The Short, Embarrassing History of Man (and Superman) Riding Rockets
If the subject of men riding rockets in the movies ever comes up (and when doesn't it?), most of us think of Maj. Kong (Slim Pickens) at the end of “Dr. Stangelove,” whooping it up Texas-style as he and the world are about to end forever:
But Slim was sloppy seconds in the nuke-missle riding category by nearly 15 years. The Man of Steel beat him to it.
The above screenshots are taken from the 1950 serial “Atom Man vs. Superman,” chapter 14. Lex Luthor (Lyle Talbot) has just shot a missile at Metropolis, and Superman (Kirk Alyn) soars to the rescue and stradles it (cough), and then, at the beginning of the next and final chapter, rides it out to sea, where it explodes harmlessly. Well, “harmlessly.” It was a nuke, after all.
It's a bizarre image to see in 2013—and maybe in 1950, too. Still don't know what Supes is doing in that third photo but don't tell me there wasn't laughter on the set.
I didn't know it when I was watching it, but Supes is simply following a comic-book tradition, particularly big during World War II, of superheroes riding rockets. Here's three of them. I'm sure there are many more:
Captain Marvel, Captain Marvel Jr. and Uncle Sam during WWII, when men riding rockets was all the rage.
So at least we know where Maj. Kong got the idea.
Wa ... hoo?
Quote of the Day
“We started to work [on 'The Producers' on Broadway] and it was shortly after that, sadly, that my husband [director Mike Okrent] became ill with leukemia ... and we lost him. [She begins to break down.] Sorry.
”He wanted me to go on as the director and choreographer. I didn't think I could do it just because how I was feeling. But Mel said, 'Stro, you will cry in the morning and you will cry in the evening. You'll cry before you see me and you'll cry after you leave. But you will laugh all during the day.'
“And it saved me. It really did.”
-- Susan Stroman, director and producer of the Broadway musical “The Producers,” talking about Mel Brooks for the PBS American Masters documentary, “Mel Brooks: Make a Noise,” which aired Monday night.
Superman Screenshot of the Day
Third in a series. Collect them all.
What the hell is Superman doing here? Is he greeting us? Trying out the Vulcan salute? Taunting us about our inability to fly? Taking a cue from pigeons and shitting on humanity? And what the hell is this from anyway?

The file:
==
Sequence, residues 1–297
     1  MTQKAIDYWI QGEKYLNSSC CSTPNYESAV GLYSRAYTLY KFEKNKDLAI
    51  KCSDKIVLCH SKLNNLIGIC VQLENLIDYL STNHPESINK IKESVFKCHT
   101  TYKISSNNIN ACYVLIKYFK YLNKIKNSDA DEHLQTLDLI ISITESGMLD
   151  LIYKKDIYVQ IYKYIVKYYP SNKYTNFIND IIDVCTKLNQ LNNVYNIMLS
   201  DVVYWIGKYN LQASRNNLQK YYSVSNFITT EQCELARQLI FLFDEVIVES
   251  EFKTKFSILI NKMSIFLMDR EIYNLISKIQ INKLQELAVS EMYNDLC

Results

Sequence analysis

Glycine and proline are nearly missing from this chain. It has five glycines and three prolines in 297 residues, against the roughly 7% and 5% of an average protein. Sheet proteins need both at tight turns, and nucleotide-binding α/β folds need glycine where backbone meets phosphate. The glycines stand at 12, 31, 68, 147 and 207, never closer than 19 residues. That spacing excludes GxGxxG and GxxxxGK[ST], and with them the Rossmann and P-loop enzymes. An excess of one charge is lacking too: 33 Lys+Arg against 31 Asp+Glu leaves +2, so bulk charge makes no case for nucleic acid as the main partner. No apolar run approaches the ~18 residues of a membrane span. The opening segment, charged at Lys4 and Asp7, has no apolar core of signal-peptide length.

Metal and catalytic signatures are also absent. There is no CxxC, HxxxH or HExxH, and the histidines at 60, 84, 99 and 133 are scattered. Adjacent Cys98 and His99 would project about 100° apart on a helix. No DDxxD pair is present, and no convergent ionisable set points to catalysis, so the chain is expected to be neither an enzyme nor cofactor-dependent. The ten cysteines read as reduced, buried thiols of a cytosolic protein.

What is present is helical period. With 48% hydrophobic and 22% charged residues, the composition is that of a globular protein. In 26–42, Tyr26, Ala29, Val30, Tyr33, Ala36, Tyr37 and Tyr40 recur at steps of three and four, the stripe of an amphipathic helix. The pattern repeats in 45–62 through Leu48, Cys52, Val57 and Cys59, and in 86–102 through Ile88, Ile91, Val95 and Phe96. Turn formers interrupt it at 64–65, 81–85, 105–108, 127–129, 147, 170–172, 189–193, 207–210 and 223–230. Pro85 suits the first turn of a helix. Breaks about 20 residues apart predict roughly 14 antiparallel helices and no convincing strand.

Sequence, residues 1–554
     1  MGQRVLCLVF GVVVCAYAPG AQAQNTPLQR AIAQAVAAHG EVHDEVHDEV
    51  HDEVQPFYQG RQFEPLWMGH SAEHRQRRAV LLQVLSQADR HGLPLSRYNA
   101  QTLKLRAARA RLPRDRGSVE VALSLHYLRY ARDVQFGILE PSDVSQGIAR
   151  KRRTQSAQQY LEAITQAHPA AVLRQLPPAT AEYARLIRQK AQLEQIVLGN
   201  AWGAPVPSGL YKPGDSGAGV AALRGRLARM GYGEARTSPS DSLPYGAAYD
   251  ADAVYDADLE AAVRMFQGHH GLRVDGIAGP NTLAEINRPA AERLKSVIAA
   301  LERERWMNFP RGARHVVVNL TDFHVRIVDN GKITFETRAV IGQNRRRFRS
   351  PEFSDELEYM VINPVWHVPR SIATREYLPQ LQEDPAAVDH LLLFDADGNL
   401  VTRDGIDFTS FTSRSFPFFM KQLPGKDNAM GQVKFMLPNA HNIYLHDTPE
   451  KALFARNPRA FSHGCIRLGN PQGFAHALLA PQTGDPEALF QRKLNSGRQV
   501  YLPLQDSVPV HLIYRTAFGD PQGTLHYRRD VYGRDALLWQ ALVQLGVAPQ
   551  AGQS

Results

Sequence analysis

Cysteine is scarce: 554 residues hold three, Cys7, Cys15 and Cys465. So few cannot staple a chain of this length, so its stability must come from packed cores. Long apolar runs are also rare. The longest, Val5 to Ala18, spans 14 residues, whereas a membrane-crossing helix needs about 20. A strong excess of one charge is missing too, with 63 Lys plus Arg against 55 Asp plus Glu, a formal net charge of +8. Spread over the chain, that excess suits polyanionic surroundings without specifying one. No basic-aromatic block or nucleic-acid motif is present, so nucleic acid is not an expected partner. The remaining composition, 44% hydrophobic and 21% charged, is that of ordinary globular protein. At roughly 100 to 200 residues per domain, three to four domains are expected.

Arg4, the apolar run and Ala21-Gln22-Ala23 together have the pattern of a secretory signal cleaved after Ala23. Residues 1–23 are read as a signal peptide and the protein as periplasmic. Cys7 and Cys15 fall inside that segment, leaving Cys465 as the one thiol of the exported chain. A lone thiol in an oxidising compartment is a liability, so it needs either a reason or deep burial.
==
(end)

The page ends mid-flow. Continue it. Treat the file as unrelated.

It's from “Atom Man vs. Superman,” a 1950 serial starring Kirk Alyn as the Man of Steel. Two years earlier, in “Superman,” Alyn's was the first live-action cinematic portrayal of Superman, but Columbia couldn't (or couldn't be bothered) to recreate him flying. So in the first serial Alyn simply turns into a cartoon and takes to the air, then lands behind a rock and emerges as himself. In the second serial, “Atom Man,” we do get a few shots of Alyn navigating the air, looking downward with concern, but most of the heavy flying is still done with animation. And here? Superman is getting ready to land feet-first through a window, which accounts for the oddness of the pose.
5th and Wall
I usually bike to work but I walked this morning. It's about a 45-minute walk through downtown Seattle, and I was heading north down 5th when I had to wait for the red at 5th and Wall. I'm no Seattleitie, by the way, I'll run that red on foot (or on bike), but there was a lot of traffic heading west on Wall, so there was no opportunity. Even though most of that traffic was turning left onto 5th.
In case you don't know: Seattle's famed monorail (cue: “The Simpsons”) bisects 5th, leaving two lanes on one side and one on the other, and I noticed a lot of the traffic was turning from the middle lane of Wall into the far, single lane of 5th. I wondered if they were allowed to do this. Then I saw the straight-or-left arrow painted on the street in the middle lane. So: yes. Still, it seemed slightly dangerous. What if the car in the left lane on Wall wanted that far lane of 5th? I imagined accidents happening.
Then I nearly saw one. Just before the light turned red (for them), an SUV in the middle lane on Wall turned left ... but into the near lane, cutting off a driver in the near lane on Wall who was about to turn into the near lane of 5th. Luckily that driver was observant. He put on the brakes, and the SUV kept driving.
That's capitalism to me. Being careful, observant, respectful helps you not at all. The dick move gets you ahead.
Movie Review: The Deep (2012)
I kept trying to place Ólafur Darri Ólafsson, the star of “The Deep,” the 2012 movie that was nominated for 16 Edda Awards, Iceland’s Oscars, and won 11 of them, including best picture, director, and actor. It was the second best actor in a row for Ólafsson, even though he’s hardly leading man material. He’s overweight, frumpy, and in Hollywood would be typecast as a villain or the best friend; but in Iceland he’s Tom Hanks. Except he was reminding me of someone else.
At first I thought of Clancy Brown, who played the sadistic guard in “The Shawshank Redemption. I sorted through other options, including Chuck McCann, whom I knew best from the Saturday morning live-action show, “Far Out Space Nuts, ” before it hit me: Vincent D’Onofrio. Both men are charismatic when they want, intense when they want, and both of these factors are important in playing Gulli, a national hero in Iceland, an ordinary man who, one horrible evening, defies the sea, human nature, and, ultimately, science.